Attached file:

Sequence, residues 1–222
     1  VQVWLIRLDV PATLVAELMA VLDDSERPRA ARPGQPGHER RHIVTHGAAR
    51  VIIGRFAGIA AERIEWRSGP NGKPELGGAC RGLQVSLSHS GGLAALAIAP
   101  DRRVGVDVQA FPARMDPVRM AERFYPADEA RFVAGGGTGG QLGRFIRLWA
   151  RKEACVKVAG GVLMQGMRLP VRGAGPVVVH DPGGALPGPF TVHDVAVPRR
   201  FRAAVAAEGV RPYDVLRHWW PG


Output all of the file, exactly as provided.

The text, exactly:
Sequence, residues 1–222
     1  VQVWLIRLDV PATLVAELMA VLDDSERPRA ARPGQPGHER RHIVTHGAAR
    51  VIIGRFAGIA AERIEWRSGP NGKPELGGAC RGLQVSLSHS GGLAALAIAP
   101  DRRVGVDVQA FPARMDPVRM AERFYPADEA RFVAGGGTGG QLGRFIRLWA
   151  RKEACVKVAG GVLMQGMRLP VRGAGPVVVH DPGGALPGPF TVHDVAVPRR
   201  FRAAVAAEGV RPYDVLRHWW PG